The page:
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Pokemon Stadium - Review

By: Ben Martin


Review Breakdown
   Battle System 9
   Gameplay 7
   Music 4
   Originality 3
   Plot 3
   Replay Value 4
   Sound 4
   Visuals 8
   Difficulty Medium
   Time to Complete

Extremly variable

 
Overall
5 = Not good.
Criteria

Title Screen
The newest Pokemon RPG release? Hmmm... I don't seem to see one...  

   Unless you've been living under a rock for two and a half years you've heard about the Pokemon craze. Nintendo has released hit after hit of Pokemon games with many more on the horizon. This craze comes to the Nintendo 64 in the form of Pokemon Stadium; a game in which you once again battle Pokemon, but in an arena type environment. While this is a new and good way to battle your Pokemon, and the game isn't just battling, I just found something lacking in this $70 Game Boy add-on.

   The first thing that almost everyone wants to do when they plug this game in is to start battling either the computer or a live opponent. The one thing you will notice right away is that there are several differences from the Game Boy's combat system. The two main ones is the fact that you gain no experience from any of the battles and that you cannot use any of your items in battle. Another thing that people will have to get used to is that during most events, only three of your chosen six Pokemon may be used in battle. With this in mind, several of your strategies may need to change so you don't need to count on certain things. With these changes in mind, the fighting scheme is exactly like the Game Boy games, except in 3-D.

   This game's main attraction is combat, and luckily for the younger fans of this game, this game is laid out so almost everyone can catch onto the basics as soon as they pick up the controller. This is both good and bad in a way. While you can get into all the attractions this game has to offer quickly, it means that other than your own Pokemon there are very few things you can actually tweak in this game.


Who wants to be a crispy critter?
Who wants to be a crispy critter?  

   The music in this game generally remains in the background and you hardly notice it. While this means that it doesn't really have an annoyance factor, there also isn't any stellar compositions to make this game memorable to the ear. One thing that can get annoying however is the announcer. With a very limited vocabulary and continual comments thoughout every single action, it certainly is a nice option to be able to turn this guy off.

   This game unfortunatley doesn't have a whole lot to offer in originality. You can take pictures of your pokemon, but the views and backgrounds are quite limited. If you have a pokemon that you want a picture of and it's in Pokemon Snap, take it there and you'll have a much nicer shot. The mini-games aspect of Stadium is enjoyable, but somewhat limited in my opinion. These games could have used some extras in them such as choosing different pokemon, choosing different backgrounds, or even more mini games. One of the things that I did like in Stadium however is the fact that you can find out a lot more about your individual Pokemon and their attacks. Learning exactly the accuracy and power level of an attack is a definate good thing.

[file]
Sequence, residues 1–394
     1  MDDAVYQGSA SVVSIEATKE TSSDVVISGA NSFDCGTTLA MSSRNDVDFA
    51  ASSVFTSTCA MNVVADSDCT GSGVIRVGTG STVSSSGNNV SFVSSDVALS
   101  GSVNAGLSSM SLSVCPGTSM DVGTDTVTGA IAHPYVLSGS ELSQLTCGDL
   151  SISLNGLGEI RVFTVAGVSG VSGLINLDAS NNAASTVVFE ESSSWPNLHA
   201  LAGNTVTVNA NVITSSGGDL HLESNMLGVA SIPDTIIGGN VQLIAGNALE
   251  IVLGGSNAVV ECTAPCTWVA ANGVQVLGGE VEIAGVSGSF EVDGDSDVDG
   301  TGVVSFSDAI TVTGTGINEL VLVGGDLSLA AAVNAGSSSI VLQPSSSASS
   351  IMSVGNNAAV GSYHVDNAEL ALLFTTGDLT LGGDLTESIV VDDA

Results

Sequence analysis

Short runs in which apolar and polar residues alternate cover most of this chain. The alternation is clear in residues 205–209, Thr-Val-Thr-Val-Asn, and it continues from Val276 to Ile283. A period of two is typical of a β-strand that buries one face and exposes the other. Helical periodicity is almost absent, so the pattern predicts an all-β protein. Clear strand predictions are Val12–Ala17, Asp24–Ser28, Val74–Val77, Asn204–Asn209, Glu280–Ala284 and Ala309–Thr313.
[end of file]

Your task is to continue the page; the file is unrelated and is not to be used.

My main beef of this game is that it *has no plot*. There is absolutely no storyline to Pokemon Stadium unless you count the fact that you can play the your Game Boy cartridges, which I don't. I have always preferred my games to have some sort of attraction besides mindless fighting. This game does offer more, but not much.

   While fighting your Pokemon is enjoyable, it can get old after a while. I personally played this game constantly for about a week, and then I went on to other things. For me, this game just didn't live up to the hype.


The cutest of them all
The cutest of them all  

   The difficulty of this game really depends on what you're using for Pokemon, and what their levels are. For the cups with lower level pokemon, strategy is a key issue. In the other cups power comes into play more as you can have many one hit kills if you play your pokemon right. Overall, if you've got the patience to level up your pokemon to amazing levels, you should do fine in this game. If you're using rental pokemon only however, the cups become a lot harder at the upper levels. The Computer is allowed to have higher level pokemon then what you can rent.

The time to truely complete this game greatly varies from person to person. If you only want to finish the game with all 150 pokemon in the Hall of Fame, it's going to take an awful long time to get them all there.

In conclusion, I feel that Pokemon Stadium is not the worst game out there to play, but it certainly does not hold my attention for long. The game has no definite goal in it besides win the different cups, get additional pokemon by defeating the Elite Four, or making your pokemon game play much faster on your Nintendo 64. Not very much meat for an RPG, and this is why I must give this game a low score.


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